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Eoin O'Mahony, heading off his bike from O'Mahony butchers in the English Market. Picture: Eddie O'Hare
Eoin O'Mahony, heading off his bike from O'Mahony butchers in the English Market. Picture: Eddie O'Hare
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The English Market trader encouraging the public to eat less meat

An English Market trader is introducing new environmentally-friendly methods to deliver their products and is even encouraging customers to reduce the amount of meat in their diets to help the planet.

Meat suppliers, O’Mahony’s in the English Market, are delivering their produce by bicycle and asking people to bring reusable containers for their purchases.

The environmentally-friendly butchers, which have been in operation for the past 45 years, work by the mantra of “eat less meat, but buy higher quality.” 

Eoin O‘Mahony, the son of Kathleen O’Mahony, who opened up in the English Market in 1974, said he feels very strongly about the environment and tries to purchase local meat that has been cared for and reared well.

“We should not be eating meat every day,” Eoin said, “But the meat that we do eat should be nutritious and sustainably produced.” 

Mr O’Mahony, who has been working in the butchers for the past 24 years, since he was 16, said that he comes from a very environmentally conscious family that used to recycle and compost waste from a young age.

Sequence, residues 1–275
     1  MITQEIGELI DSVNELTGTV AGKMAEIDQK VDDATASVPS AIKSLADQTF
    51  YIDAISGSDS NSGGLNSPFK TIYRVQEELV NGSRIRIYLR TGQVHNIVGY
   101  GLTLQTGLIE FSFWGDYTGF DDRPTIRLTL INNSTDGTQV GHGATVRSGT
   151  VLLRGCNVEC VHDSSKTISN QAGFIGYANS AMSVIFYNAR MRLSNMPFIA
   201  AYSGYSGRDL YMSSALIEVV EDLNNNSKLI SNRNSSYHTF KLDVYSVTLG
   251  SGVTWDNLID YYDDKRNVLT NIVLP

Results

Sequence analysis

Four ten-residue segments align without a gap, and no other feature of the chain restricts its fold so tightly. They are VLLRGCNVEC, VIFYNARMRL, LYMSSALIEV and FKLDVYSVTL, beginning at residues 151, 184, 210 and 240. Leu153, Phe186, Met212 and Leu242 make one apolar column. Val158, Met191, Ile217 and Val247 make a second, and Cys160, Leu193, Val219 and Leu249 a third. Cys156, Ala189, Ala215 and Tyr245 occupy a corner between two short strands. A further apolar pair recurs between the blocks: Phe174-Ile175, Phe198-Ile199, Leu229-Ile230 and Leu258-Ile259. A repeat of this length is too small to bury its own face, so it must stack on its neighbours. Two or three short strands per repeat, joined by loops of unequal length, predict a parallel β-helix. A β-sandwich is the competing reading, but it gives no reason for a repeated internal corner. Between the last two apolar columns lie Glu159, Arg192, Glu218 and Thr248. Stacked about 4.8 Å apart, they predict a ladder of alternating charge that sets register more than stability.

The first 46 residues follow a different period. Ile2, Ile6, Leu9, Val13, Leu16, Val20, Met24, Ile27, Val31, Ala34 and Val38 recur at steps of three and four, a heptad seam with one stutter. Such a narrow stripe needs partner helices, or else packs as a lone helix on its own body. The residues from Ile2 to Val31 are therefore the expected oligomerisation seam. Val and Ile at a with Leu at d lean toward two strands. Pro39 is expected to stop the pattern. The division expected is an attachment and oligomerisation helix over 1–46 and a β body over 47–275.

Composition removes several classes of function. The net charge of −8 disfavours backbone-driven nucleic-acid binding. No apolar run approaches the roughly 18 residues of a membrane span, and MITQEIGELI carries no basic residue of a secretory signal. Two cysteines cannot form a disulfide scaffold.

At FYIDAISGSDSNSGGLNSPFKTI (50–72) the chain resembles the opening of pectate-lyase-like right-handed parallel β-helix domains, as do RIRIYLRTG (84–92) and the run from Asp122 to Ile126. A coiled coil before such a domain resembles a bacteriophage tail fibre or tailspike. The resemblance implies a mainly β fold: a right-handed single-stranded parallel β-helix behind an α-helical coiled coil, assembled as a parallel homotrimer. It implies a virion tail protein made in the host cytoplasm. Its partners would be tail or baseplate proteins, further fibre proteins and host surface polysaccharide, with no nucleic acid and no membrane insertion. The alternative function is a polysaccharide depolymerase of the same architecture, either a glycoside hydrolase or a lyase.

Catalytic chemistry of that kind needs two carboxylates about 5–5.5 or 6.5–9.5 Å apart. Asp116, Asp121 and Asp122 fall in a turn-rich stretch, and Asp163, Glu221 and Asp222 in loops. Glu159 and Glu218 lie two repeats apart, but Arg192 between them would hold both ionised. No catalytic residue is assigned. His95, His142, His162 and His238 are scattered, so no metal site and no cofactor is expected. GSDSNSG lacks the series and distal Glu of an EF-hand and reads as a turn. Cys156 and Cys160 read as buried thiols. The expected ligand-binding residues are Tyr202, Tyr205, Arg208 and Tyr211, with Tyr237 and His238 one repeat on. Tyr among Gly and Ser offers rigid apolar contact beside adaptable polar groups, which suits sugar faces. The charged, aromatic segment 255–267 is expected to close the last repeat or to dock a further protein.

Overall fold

“I looked into sourcing compostable or paper wrapping for handing out the meat, but it didn’t make sense, any trace of meat on the compostable wrapping and you shouldn’t can’t put it in the compost bin as it will attract vermin.” 

Eoin, who runs the butchers with his sister Eimear, realised the easiest and most effective method of reducing waste was encouraging his customers to bring in reusable containers when they were collecting their meat.

“I put out a tweet most Fridays for the busy Saturday trade, reminding people to bring a container for their meat and many people have started doing it.” 

The son of a butcher, Eoin did not always see himself as taking over the family business along with his sister.

He initially went to UCC and completed a degree in Economics and Geography, but when his mother broke her leg and he was hauled in to help out and he hasn’t looked back since.

“I love learning new cuts and ideas from my customers and seeing what meals they make from the produce that I sell them,” Eoin said.